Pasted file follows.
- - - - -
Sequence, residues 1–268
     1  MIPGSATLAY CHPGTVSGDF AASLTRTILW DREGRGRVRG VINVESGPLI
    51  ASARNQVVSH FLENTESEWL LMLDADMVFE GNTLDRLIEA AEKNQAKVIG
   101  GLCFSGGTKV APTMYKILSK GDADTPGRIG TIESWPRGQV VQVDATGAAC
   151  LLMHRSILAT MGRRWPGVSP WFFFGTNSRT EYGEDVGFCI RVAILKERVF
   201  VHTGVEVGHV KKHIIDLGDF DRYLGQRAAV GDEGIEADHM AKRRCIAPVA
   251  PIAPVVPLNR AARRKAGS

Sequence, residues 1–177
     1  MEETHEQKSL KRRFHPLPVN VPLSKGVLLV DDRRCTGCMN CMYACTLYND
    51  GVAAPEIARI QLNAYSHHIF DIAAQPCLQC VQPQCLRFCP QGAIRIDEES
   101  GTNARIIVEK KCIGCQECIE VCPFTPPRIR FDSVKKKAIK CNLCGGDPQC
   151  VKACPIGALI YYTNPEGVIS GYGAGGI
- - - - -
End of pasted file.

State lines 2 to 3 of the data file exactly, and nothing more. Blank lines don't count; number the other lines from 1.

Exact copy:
     1  MIPGSATLAY CHPGTVSGDF AASLTRTILW DREGRGRVRG VINVESGPLI
    51  ASARNQVVSH FLENTESEWL LMLDADMVFE GNTLDRLIEA AEKNQAKVIG